Skip to main content

Are you new to the RV lifestyle? If you are, your head is probably spinning from everything they tried to teach you about your new outdoor rig at the dealership. With RV prices soaring and sales skyrocketing, dealers don’t have the time to walk every new owner through everything they should know about their new purchase.

Instead, they give you a blisteringly quick walkthrough and send you on your way. With so little information, you’re apt to stop at your initial campground visit wondering what to do next—or even first.

Print out a checklist

An RV parked outdoors at an RV campground.
RV at a campground | Getty Images

Fortunately, Glamper Life has you covered with a campground set-up checklist you can print out. It’s such a handy checklist that you may want to have it laminated for long-term use. The checklist consists of three parts that walk you through the entire process, from checking in at the campsite to getting your RV safely set up and ready to use.

Check-in at the campsite

Confirm that the campsite you’ve reserved or are interested in has all of the amenities you need. Those will probably include electricity, water, and sewer at a minimum. TV and WI-FI are also commonly available amenities. Find out where the bathhouse and dumpster locations are located and ask for a list of campground rules. And don’t forget to pay for the site to secure your reservation.

To make check-in more manageable, it’s a good idea to have an index card or file on your phone with essential information about your RV. That should include the make, model, year, overall length, and license plate info for all of your vehicles.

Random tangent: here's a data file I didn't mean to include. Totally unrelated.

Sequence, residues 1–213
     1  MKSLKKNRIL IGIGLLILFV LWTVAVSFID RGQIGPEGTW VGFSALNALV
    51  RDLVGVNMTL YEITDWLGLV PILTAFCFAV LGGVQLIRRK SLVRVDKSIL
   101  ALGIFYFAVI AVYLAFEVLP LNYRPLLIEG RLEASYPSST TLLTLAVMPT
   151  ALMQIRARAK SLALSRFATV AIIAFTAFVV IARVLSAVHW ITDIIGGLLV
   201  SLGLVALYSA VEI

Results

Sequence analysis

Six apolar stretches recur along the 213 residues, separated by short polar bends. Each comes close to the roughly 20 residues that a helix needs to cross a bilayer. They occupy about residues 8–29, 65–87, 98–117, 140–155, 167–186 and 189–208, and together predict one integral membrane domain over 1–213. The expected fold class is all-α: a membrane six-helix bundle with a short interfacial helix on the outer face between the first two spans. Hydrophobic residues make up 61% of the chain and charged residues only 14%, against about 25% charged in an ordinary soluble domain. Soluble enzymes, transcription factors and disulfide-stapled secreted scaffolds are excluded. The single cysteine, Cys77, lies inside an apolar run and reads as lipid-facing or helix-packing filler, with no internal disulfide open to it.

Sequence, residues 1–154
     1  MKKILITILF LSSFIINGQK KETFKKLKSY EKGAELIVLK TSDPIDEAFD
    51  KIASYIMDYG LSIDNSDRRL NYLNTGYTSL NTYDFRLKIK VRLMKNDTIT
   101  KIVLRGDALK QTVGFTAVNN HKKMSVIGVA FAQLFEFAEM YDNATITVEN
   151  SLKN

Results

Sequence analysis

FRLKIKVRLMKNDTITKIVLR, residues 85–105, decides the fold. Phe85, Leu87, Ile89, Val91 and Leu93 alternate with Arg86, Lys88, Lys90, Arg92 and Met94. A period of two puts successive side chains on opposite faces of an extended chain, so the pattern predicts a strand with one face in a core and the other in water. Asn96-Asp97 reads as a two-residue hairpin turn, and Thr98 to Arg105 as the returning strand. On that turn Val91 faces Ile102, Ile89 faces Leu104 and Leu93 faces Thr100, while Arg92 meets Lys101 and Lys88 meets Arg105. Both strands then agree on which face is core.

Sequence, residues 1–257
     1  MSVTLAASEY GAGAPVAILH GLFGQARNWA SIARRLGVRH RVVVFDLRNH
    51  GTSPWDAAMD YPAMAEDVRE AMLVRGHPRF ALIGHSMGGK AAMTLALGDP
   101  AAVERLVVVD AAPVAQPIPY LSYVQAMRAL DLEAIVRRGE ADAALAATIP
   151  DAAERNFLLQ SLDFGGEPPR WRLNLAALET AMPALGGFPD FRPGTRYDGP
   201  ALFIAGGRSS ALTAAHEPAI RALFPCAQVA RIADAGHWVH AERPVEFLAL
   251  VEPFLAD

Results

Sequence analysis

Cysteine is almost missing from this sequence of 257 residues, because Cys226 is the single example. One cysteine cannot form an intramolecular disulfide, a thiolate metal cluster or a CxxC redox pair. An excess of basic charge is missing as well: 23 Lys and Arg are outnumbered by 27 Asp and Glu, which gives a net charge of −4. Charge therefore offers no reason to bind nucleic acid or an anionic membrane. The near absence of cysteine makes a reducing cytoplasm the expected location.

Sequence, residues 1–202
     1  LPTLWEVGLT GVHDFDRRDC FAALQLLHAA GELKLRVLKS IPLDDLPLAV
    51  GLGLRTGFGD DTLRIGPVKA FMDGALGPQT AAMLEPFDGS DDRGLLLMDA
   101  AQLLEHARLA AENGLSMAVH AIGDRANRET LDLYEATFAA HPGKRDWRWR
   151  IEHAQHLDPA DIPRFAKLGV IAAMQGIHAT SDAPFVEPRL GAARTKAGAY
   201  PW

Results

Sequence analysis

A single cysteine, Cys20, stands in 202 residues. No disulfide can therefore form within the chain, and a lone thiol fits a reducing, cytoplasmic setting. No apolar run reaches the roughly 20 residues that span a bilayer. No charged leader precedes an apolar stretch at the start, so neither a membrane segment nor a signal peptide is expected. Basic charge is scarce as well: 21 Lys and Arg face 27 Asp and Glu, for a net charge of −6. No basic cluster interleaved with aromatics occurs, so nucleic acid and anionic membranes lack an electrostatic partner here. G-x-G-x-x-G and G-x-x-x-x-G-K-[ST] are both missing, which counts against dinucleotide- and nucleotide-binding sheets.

Check out the campsite

It is best to scope out your campsite when you arrive before you pull in. Try to take a walk-through to check for things that could damage your RV, like broken glass or low-hanging branches. Also, be on the lookout for anything nasty that the last camper’s dog may have left behind.

Once you’re sure the campsite is clean and safe for your rig, pull your RV in until it is relatively level and close enough to reach the hookups. You’ll finish leveling it later. Chock the wheels and put your jacks down. 

Finish setting up your RV 

First, make sure your RV is level by using the onboard leveling system or leveling blocks under the wheels. Don’t connect anything up until you’ve made sure it’s level. 

Turn the electrical breaker off at the electrical post, plug your electrical cord into your camper, then into the receptacle on the campsite, and finally, turn the breaker back on. It’s a good idea to use an RV surge protector to protect your rig from being damaged since you’ll be hooked up to an unfamiliar and well-used power source that could cause potential problems.

Ensure all water fixtures in your RV are off, then connect to the water source using a pressure regulator and a potable water hose. The pressure regulator ensures that unexpectedly high water pressure doesn’t burst your pipes. 

Connect the black and gray water hoses but don’t open the valves yet. You’ll only open the valves when you’re ready to dump. Always dump the black tank first, followed immediately by the gray. That way, all of that gray water will help flush away any solid waste from the black tank.

After the utilities are hooked up, it’s time to switch the refrigerator from propane to electric and get ready for life in your RV. Put out the slides and awning, set up some comfy camp chairs, and congratulate yourself on successfully setting up your first RV campsite.

It’s incredible how proper planning, having a checklist, and researching campsites can enhance the camping experience for even the newest RV travelers.


What Is the Difference Between a Campground, RV Campground, and RV Resort?